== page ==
Where is the US Consumer? A look beyond the headlines
Recent data related to U.S. Consumers has appeared somewhat inconsistent. Consumer Confidence is high, but retail sales are sluggish. With low unemployment and seemingly healthy consumer balance sheets, many are wondering what has happened to US consumers and why retail sales growth is decelerating. A closer review of the data suggests that consumers may in fact be under more pressure than the headlines alone would indicate.
Headline: Expenses vs after tax income near all-time lows?
A commonly cited metric estimated by the Federal Reserve, the Financial Obligations Ratio, appears to show that US consumers are on relatively solid ground, with the percent of after-tax income going to “financial obligations” near historically low levels (Chart 1). The ongoing economic recovery and the extended period of low interest rates have helped to reduce this portion of the financial burden on consumers. The Fed defines these obligations to be:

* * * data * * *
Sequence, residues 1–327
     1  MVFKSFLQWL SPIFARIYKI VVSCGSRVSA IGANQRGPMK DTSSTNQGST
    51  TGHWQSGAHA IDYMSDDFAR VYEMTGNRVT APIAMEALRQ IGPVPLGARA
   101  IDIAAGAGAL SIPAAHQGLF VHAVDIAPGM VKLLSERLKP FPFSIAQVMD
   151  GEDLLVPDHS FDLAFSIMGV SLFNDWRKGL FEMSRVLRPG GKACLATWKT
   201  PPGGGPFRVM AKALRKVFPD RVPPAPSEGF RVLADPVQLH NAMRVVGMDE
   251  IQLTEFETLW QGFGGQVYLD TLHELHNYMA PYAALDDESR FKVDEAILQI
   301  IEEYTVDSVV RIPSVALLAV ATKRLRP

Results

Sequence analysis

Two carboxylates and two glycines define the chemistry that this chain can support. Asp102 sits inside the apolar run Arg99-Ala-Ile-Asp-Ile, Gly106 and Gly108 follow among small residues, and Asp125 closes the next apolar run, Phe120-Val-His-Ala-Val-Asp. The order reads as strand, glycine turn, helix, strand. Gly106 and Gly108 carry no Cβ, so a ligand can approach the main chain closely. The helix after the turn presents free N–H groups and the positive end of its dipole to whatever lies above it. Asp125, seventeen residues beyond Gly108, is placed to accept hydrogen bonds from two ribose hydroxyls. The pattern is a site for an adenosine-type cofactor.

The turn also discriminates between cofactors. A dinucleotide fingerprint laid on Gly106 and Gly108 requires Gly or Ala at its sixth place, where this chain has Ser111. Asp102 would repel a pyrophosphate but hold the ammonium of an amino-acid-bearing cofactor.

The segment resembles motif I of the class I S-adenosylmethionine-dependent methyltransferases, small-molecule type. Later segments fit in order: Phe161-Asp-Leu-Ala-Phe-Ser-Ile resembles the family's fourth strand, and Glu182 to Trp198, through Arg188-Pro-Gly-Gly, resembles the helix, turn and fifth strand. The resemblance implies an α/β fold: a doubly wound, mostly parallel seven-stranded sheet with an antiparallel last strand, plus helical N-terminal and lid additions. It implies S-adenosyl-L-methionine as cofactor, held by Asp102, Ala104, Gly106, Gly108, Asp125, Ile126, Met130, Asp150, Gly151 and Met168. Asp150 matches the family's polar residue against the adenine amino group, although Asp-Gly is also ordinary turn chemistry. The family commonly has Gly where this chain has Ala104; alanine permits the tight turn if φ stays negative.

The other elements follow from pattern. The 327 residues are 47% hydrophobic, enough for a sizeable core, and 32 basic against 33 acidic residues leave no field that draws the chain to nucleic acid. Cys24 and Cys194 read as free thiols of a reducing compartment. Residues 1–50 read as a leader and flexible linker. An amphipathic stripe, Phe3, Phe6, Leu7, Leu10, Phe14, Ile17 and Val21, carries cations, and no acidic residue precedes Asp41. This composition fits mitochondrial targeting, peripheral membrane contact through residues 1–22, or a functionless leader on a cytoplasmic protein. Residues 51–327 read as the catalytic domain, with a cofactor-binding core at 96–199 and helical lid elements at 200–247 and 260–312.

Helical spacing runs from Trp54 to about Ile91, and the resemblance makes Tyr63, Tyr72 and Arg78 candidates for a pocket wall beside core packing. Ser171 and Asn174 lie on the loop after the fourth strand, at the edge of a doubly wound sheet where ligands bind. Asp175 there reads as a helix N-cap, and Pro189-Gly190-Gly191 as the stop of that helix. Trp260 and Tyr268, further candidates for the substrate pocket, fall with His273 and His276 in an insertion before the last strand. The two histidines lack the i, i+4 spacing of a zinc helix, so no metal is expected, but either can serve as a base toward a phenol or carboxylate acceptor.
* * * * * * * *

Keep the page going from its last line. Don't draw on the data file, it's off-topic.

- Housing expense (mortgage, rent, insurance)
- Debt service (e.g. credit cards, auto loans, student loans)
- Additional items (including property tax and auto lease payments)
However, do you have health insurance, a cellphone, and need to eat?
The Financial Obligations Ratio excludes some very significant items that most people consider necessary in today’s world. Using data from the Bureau of Economic Analysis, Middleton & Company has created our own measure of non-discretionary spending as a percent of after tax income that includes not only housing but also utilities, healthcare, and food at home (i.e., not restaurant spending). This metric produces a very different picture, seen below in Chart 2. As Chart 2 shows, the percent of income being spent on these items is nearing the peak levels of ’09-’10, a much different picture of consumer health than the one implied by the Financial Obligations Ratio.